Page images





Let copulation thrive, for Gloster's bastard son
Was kinder to his father, than my daughters
Got 'tween the lawful sheets.
To't, luxury, pell-mell, for I lack soldiers.-
Behold yon simpering dame,
Whose face between her forks presageth snow ;
That minces 3 virtue, and does shake the head
To hear of pleasure's name;
The fitchew, nor the soiled horse,' goes to’t
With a more riotous appetite.
Down from the waist they are centaurs,
Though women all above;
But 5 to the girdle do the gods inherit,
Beneath is all the fiends'; there's hell, there's darkness,
there is the sulphurous pit, burning, scalding, stench,
consumption.—Fie, fie, fie! pah; pah! Give me an
ounce of civet, good apothecary, to sweeten my imagi-
nation. There's money for thee.

Glo. 0, let me kiss that hand !
Lear. Let me wipe it first; it smells of mortality.

Glo. O ruined piece of nature! This great world Shail so wear out to nought.—Dost thou know me?

Lear. I remember thine eyes well enough. Dost thou squiny at me? No, do thy worst, blind Cupid ! I'll not love.—Read thou this challenge; mark but the penning of it.

Glo. Were all the letters suns, I could not see one.

Edg. I would not take this from report ;-it is, And my heart breaks at it.

Lear. Read.

1 i. e, incontinence.

2 The construction is, “Whose face presageth snow between her forks.See Cotgrave's Dict. in v. Fourcheure.

3 i. e. puts on an outward, affected seeming of virtue. See Cotgrave in v. Mineux-se.

4 The fitchew is the polecat. A soiled horse is a horse that has been fed with hay and corn during the winter, and is turned out in the spring to take the first flush of grass, or has it cut and carried to him. This at once cleanses the animal and fills him with blood. In the old copies the preceding as well as the latter part of Lear's speech is printed as prose. It is doubtful whether any part of it was intended for metre.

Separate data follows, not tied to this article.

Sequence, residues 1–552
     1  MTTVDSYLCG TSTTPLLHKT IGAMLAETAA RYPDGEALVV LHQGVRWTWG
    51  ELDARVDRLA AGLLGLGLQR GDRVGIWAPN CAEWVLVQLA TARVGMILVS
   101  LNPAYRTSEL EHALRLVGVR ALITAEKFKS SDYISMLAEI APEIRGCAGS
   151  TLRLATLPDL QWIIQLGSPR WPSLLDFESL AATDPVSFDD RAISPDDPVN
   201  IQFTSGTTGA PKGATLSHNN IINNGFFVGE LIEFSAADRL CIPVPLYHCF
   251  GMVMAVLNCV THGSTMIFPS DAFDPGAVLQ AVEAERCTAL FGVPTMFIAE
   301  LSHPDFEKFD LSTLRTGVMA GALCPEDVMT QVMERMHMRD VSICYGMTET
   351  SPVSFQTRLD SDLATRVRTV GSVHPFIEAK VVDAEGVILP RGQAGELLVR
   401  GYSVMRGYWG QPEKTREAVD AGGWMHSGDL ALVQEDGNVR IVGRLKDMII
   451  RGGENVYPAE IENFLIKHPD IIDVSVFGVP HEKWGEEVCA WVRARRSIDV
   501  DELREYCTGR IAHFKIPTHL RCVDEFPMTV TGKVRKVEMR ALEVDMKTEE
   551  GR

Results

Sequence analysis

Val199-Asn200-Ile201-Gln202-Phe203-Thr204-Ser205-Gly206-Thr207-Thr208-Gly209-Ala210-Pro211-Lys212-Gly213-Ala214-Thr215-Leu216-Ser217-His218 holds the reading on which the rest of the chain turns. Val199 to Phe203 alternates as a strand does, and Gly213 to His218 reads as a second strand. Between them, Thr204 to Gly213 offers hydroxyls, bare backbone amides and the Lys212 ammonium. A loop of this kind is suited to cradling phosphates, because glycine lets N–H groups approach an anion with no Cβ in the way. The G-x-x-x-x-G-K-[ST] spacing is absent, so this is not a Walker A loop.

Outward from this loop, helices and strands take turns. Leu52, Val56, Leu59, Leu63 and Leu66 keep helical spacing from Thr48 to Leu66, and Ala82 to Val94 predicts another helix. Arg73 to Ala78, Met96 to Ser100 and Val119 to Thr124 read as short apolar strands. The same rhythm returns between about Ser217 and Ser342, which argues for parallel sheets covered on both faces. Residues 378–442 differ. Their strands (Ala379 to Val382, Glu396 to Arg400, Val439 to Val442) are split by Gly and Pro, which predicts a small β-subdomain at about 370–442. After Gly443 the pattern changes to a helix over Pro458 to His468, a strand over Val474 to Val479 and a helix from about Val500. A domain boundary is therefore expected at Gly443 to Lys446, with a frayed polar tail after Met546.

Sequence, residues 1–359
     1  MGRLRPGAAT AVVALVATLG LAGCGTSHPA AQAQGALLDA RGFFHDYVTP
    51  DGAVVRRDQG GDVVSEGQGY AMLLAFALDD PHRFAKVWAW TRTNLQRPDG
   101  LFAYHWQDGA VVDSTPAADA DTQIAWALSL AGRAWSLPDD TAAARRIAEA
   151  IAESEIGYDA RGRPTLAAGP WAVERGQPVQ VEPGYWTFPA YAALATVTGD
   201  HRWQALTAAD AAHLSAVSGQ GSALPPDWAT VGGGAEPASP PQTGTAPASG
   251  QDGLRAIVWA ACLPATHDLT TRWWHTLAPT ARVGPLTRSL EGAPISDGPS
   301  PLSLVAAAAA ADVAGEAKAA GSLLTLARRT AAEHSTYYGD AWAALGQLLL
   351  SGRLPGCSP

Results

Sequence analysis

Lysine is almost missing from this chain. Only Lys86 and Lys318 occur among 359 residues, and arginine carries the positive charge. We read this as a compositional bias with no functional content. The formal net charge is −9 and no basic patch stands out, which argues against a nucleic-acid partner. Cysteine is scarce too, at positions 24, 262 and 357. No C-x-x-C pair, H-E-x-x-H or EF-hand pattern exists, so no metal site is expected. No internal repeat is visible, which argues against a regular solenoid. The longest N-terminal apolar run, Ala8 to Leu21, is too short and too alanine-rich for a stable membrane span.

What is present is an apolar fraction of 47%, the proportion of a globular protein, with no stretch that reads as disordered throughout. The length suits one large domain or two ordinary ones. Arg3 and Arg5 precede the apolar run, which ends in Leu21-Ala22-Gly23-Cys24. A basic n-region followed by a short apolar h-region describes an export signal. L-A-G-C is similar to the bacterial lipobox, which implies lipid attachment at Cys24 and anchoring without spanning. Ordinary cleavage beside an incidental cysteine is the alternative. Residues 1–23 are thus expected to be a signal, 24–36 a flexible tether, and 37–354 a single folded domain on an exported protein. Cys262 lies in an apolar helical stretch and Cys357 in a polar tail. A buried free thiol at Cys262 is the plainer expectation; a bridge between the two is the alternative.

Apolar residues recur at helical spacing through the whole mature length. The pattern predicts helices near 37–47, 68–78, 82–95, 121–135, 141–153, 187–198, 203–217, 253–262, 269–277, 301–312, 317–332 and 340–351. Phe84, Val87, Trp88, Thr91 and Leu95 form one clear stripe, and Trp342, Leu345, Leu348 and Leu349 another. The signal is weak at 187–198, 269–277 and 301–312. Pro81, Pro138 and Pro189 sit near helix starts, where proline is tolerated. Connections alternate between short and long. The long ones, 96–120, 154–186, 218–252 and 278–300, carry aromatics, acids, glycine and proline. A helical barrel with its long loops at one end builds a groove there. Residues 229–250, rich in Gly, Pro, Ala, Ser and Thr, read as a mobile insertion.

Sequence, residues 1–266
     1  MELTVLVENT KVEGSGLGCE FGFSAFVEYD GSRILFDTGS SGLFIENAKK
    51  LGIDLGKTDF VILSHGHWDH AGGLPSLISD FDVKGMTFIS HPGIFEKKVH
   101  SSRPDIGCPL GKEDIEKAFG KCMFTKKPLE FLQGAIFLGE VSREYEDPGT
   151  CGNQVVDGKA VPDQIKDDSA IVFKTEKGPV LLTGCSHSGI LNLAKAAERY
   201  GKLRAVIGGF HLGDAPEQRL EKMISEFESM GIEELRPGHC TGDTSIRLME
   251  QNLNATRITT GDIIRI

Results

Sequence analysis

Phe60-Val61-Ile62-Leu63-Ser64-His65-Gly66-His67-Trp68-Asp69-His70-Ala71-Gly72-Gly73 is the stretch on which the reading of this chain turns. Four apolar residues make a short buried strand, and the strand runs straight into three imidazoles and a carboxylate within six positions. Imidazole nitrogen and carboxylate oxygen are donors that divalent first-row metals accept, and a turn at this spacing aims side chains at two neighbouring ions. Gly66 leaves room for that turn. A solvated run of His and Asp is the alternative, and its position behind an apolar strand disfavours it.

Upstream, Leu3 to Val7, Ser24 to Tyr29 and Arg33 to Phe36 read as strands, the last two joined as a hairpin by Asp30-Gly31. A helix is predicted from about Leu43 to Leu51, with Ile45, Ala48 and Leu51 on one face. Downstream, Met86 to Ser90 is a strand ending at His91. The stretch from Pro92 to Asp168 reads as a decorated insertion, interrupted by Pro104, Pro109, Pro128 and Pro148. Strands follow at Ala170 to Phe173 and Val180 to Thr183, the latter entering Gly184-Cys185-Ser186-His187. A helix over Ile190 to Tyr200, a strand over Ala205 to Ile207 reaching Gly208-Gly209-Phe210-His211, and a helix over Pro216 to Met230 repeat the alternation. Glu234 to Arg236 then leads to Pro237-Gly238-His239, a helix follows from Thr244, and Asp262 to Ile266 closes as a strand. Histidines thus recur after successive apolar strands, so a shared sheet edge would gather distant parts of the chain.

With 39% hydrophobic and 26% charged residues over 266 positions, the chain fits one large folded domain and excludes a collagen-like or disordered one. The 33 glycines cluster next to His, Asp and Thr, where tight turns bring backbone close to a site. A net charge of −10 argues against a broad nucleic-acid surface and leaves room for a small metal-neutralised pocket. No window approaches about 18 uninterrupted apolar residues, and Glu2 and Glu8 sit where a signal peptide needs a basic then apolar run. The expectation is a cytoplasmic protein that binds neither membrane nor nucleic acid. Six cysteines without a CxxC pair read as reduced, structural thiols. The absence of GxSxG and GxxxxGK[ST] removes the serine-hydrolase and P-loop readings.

5 But in its exceptive sense. 6 Possess.

Glo. What, with the case of eyes ?

Lear. O, ho, are you there with me? No eyes in your head, nor no money in your purse ? Your eyes are in a heavy case, your purse in a light; yet you see how this world goes.

Glo. I see it feelingly.

Lear. What, art mad ? A man may see how this world goes with no eyes. Look with thine ears; see how yon' justice rails upon yon simple thief. Hark, in thine ear. Change places; and, handy-dandy, which is the justice, which is the thief?- Thou hast seen a farmer's dog bark at a beggar?

Glo. Ay, sir.

Lear. And the creature run from the cur? There
thou might'st behold the great image of authority ; a
dog's obeyed in office.
Thou rascal beadle, hold thy bloody hand;
Why dost thou lash that whore ? Strip thine own back;
Thou hotly lust'st to use her in that kind
For which thou whipp'st her. The usurer hangs the
Through tattered clothes small vices do appear;
Robes, and furred gowns, hide all. Plate sin with gold,
And the strong lance of justice hurtless breaks ;
Arm it in rags, a pygmy's straw doth pierce it.
None does offend, none, I say none ; I'll able 'em.
Take that of me, my friend, who have the power
To seal the accuser's lips. Get thee glass eyes;
And, like a scurvy politician, seem
To see the things thou dost not.-Now, now, now,


[ocr errors]


Pull off my boots ;-harder, harder; so.

Edg. O, matter and impertinency 3 mixed ! Reason in madness!

Lear. If thou wilt weep my fortunes, take my eyes. I know thee well enough ; thy name is Gloster.

From “hide all” to “accuser's lips” is wanting in the quartos. 2 i. e. support or uphold them.

3 Impertinency here is used in its old legitimate sense of something not belonging to the subject.

Enter Steward.


A proclaimed prize! Most happy! That eyeless head of thine was first framed flesh To raise my fortunes.- Thou old unhappy traitor, Briefly thyself remember. — The sword is out That must destroy thee. Glo.

Now let thy friendly hand Put strength enough to it.

[EDGAR opposes. Stew.

Wherefore, bold peasant,
Dar’st thou support a published traitor ? Hence;
Lest that the infection of his fortune take
Like hold on thee. Let go his arm.

Edg. Ch’ill not let go, zir, without vurther 'casion.